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Here’s one place in the world you can already hail a driverless taxi

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Although Uber may soon be the first company to launch a self-driving car service in the United States, it won't be the first in the world. That honor went Thursday to nuTonomy, a Massachusetts-based company that has now officially rolled out what many analysts say will transform the future of transportation and the economy.

NuTonomy's six self-driving cars are being tested in Singapore's one-north business district, a roughly 500-acre hub the city-state built for science and technology companies. Using nuTonomy's app, members of the public will be able to request a free ride in a specially modified electric vehicle manufactured by Renault or Mitsubishi.

Like Uber, nuTonomy said it will have a human accompanying the rider to make sure everything works smoothly. And the data it gathers during the tests will go toward launching a Singapore-wide driverless taxi service in 2018.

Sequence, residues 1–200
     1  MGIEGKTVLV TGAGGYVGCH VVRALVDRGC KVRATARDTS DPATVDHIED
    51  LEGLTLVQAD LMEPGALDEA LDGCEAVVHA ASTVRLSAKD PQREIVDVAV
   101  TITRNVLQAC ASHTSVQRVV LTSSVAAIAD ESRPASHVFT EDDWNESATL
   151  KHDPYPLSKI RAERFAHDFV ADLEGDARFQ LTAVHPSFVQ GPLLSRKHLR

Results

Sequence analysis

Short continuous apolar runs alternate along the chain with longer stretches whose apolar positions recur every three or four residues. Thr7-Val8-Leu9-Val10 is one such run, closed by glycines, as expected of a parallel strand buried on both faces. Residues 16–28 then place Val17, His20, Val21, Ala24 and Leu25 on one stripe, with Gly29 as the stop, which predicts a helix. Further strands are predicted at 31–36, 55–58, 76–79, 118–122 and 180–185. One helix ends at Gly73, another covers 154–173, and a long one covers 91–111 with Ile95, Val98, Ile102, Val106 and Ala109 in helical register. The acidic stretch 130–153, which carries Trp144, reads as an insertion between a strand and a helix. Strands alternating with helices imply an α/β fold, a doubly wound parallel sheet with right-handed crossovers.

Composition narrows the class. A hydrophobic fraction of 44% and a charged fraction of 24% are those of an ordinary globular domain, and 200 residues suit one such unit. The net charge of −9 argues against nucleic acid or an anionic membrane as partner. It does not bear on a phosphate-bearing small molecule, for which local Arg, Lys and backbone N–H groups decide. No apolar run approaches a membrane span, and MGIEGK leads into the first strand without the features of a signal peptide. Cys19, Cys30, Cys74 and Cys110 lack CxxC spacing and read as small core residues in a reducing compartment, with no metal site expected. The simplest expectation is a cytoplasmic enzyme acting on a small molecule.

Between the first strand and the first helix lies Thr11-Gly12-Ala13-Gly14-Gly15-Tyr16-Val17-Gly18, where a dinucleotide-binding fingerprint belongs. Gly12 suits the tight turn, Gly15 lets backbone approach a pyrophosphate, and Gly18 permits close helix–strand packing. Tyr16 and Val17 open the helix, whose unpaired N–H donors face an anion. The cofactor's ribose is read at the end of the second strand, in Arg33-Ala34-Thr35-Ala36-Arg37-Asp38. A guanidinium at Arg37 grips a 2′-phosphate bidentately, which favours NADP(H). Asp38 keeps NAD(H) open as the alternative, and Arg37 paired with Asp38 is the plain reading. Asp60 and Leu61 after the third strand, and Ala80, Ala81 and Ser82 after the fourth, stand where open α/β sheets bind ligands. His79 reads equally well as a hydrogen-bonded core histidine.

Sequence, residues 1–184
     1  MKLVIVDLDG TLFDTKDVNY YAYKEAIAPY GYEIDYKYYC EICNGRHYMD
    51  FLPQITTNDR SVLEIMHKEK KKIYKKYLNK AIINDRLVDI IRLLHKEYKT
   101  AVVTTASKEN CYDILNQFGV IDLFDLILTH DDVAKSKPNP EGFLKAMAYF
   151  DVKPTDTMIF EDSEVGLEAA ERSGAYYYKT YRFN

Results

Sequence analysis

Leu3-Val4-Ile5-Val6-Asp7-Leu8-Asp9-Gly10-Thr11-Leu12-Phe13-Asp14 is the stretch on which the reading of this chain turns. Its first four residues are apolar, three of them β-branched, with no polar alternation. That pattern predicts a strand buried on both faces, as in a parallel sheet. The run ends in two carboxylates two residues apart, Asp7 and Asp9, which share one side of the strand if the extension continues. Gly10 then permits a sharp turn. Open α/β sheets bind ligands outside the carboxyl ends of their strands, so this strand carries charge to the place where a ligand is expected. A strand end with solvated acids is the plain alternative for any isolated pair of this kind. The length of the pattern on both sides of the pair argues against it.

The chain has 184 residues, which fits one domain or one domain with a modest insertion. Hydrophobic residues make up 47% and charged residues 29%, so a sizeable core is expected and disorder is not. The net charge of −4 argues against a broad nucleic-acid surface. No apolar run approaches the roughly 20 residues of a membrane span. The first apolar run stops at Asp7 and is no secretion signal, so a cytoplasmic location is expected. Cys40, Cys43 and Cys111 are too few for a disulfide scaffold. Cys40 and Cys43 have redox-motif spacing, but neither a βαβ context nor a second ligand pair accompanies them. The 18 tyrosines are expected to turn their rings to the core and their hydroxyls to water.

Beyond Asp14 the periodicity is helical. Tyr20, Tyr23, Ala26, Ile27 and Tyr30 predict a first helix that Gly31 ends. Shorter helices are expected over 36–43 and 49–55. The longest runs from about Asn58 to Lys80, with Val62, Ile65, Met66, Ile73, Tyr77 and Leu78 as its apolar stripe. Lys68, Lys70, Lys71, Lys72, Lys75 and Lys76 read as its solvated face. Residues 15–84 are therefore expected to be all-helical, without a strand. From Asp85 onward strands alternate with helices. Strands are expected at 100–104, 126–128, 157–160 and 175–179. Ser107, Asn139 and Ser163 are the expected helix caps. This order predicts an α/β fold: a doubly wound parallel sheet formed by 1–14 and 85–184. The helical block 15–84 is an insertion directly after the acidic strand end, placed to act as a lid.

Why Uber is going to test its new self-driving cars in Pittsburgh

NuTonomy — which raised $16 million in funding earlier this year — has been testing its self-driving cars without passengers since April. That's thanks in part to aggressive policies from the Singapore government supporting the technology. NuTonomy isn't the only beneficiary of these policies; residents in the Jurong Lake district were allowed to start testing driverless golf carts in a project backed by MIT and the National University of Singapore in 2014. The year before, Nanyang Technological University and several others launched a similar test.

But nuTonomy's pilot project appears to be one of the first to involve actual motor vehicles. With that experience under its belt, the company may be able to quickly transfer what it learns to other places where it's currently conducting studies, such as London and Michigan.

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